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It’s too easy to look at what’s happening in the land of my birth right now and breathe a sigh of relief that there is an ocean between me and all the vileness. Rumours of sharks swimming up freeways in the flooding after Hurricane Harvey. Actual Nazis who are not ashamed to show their faces while perpetrating violence. The grim spectre of impending nuclear winter. In my eleven years living in the UK I've seen both countries change in ways that seem so unthinkable I began to wonder whether we've slipped into a parallel dimension. Yet for all the woes Britain is currently experiencing, it seems for the time being to be the lesser of two evils.
But I'd be doing my home nation a disservice if I only think of the bad things. There are things I do miss about America.
Like stars that can be cupped in the palm of a hand, few things have the power to evoke wonder in the way fireflies do. New England evenings were too chilly for lightning bugs to be prolific but we'd see an occasional twinkle. The real magic was at my grandmother's house in Pennsylvania where it seemed like the Milky Way was hovering in her backyard on summer nights.
Apple Cider Donuts
The cloudy, very lightly fermented brown apple cider of my youth bears very little relation to the sparkling golden firmly grown-up beverage I now consume in British pubs. Apple cider on its own is a common autumn favourite, but mixed into donut batter and deep fried it is a confection approaching the manna of heaven.
Of all the small woodland creatures common to my homeland, the chipmunk is the most quintessentially American. Cuter than a squirrel. Less wily than a racoon. Fresher-smelling than a skunk. Tell me you can resist those little chubby cheeks. You can't. The chubby cheeks win every time.
For non-Americans, the flavour of root beer is perplexing. It is not a taste that the non-American readily warms to. Until I found root beer at a Malaysian restaurant near where I work in London I hadn't realised how much I missed the bitter aniseed-like tang of this frothy beverage. I may struggle to get friends & neighbours in my adopted country on my side for this one, but at least I can seek it out when I go home for visits.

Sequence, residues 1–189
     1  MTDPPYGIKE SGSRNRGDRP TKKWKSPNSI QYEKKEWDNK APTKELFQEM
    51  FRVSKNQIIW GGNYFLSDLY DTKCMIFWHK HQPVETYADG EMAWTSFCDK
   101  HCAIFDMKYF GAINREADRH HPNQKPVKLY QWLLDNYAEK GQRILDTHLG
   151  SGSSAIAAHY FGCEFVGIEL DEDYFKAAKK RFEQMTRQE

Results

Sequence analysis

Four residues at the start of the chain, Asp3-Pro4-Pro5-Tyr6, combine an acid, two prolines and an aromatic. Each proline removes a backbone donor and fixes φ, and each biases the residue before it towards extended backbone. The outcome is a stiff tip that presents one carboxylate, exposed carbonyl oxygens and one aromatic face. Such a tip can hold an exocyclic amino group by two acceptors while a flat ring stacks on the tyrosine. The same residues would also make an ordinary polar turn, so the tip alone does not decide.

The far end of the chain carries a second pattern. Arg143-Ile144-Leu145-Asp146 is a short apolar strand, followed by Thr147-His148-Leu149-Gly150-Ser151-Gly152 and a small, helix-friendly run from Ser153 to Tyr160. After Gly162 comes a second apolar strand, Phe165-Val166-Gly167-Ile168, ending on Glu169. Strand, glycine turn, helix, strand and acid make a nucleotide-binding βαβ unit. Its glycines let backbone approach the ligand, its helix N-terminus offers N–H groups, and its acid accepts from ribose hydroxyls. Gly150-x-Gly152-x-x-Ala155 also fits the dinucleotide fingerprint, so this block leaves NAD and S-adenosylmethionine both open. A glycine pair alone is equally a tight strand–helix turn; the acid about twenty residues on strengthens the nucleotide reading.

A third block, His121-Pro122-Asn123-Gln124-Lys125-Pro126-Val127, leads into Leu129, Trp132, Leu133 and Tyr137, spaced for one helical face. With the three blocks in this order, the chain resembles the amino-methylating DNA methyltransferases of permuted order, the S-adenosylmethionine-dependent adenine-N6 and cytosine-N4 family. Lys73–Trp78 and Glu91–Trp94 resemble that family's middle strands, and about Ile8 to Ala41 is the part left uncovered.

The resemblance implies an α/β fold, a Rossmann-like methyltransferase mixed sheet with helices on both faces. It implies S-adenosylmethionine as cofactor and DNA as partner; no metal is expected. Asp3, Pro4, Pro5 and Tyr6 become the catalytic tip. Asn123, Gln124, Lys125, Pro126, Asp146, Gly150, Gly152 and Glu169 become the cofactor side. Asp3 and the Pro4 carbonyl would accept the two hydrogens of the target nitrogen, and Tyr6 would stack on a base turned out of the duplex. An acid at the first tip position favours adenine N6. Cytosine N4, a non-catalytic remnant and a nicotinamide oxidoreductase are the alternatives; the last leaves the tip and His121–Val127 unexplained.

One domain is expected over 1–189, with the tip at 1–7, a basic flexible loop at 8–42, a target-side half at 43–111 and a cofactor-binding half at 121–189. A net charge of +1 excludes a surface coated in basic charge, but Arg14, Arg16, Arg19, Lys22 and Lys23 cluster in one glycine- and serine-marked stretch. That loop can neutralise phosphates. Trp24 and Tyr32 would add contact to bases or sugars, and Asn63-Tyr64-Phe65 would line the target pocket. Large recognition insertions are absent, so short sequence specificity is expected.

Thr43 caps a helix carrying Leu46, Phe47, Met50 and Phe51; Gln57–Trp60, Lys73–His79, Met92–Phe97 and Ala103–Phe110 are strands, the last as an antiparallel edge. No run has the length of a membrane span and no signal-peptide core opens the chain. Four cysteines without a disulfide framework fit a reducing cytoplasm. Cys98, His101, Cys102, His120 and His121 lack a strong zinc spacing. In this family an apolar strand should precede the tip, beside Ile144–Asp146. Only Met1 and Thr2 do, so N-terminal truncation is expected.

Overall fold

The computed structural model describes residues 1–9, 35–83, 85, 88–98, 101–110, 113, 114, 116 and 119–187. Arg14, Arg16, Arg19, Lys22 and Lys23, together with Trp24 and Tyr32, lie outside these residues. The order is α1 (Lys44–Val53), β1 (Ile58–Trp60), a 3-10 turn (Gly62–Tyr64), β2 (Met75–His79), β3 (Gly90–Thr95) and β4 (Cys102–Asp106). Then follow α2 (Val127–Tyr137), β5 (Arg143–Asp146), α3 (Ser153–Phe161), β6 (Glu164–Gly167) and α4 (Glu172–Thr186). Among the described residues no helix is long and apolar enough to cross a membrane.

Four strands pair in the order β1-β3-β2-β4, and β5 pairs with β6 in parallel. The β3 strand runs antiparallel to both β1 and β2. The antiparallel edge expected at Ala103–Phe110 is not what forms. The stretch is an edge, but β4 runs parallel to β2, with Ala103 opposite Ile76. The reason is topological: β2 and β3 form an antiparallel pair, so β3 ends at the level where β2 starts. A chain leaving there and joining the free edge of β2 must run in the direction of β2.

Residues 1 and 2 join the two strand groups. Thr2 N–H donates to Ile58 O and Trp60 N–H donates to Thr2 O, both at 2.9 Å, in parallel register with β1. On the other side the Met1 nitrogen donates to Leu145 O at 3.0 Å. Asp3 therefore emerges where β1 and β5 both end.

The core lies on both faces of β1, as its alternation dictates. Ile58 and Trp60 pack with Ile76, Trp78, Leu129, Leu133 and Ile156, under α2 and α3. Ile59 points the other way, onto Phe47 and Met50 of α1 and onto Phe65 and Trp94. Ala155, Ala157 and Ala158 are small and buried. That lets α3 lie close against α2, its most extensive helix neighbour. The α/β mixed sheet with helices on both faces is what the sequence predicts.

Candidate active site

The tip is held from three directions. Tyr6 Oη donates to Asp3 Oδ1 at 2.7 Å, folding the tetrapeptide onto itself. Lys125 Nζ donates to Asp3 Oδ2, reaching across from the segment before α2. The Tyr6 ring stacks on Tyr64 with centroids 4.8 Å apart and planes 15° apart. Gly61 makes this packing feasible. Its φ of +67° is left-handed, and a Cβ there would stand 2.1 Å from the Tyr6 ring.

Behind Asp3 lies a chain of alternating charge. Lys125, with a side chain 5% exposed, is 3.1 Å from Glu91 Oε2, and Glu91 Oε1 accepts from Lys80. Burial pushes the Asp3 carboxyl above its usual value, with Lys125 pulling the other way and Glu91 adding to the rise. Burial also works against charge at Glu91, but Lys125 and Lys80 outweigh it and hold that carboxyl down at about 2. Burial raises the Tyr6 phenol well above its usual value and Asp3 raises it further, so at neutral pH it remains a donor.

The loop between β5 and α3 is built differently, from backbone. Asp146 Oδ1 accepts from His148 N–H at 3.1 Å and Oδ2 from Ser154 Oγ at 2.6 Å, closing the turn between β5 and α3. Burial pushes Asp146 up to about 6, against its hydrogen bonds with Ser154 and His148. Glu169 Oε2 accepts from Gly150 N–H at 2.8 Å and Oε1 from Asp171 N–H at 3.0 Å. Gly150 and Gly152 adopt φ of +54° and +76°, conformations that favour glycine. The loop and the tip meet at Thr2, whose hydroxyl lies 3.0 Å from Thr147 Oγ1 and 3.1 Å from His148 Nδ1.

The trees change colour a bit in the UK but it's nothing like the riot of gold, red and orange rolling over the New England hills where I grew up. It's not only the startling rich hues that I miss, but the scent of the leaves wafting on crisp cold breezes. A warm and woody smell like drying herbs, tinged with the snapping frost of winter on the way. The ephemeral pleasure of the leaves changing, a last jubilee before the barrenness of winter, is something I looked forward to every year.
The Bill of Rights
Okay, okay. I know things aren't going so well right now. I doubt anyone thinks that they are. But through all the shock and disbelief I have about each new political development, I remember that we are outraged and we are angry because the country is not living up to the ideals we have set for ourselves. Despite everything, we are not complacent and we are not normalising what's happening. People are speaking out and standing up. Every day I see renewed efforts to protect the rights enshrined in the Bill of Rights. Is the document perfect? No. Are we doing this perfectly? No. But we still strive. And that, to me, is America.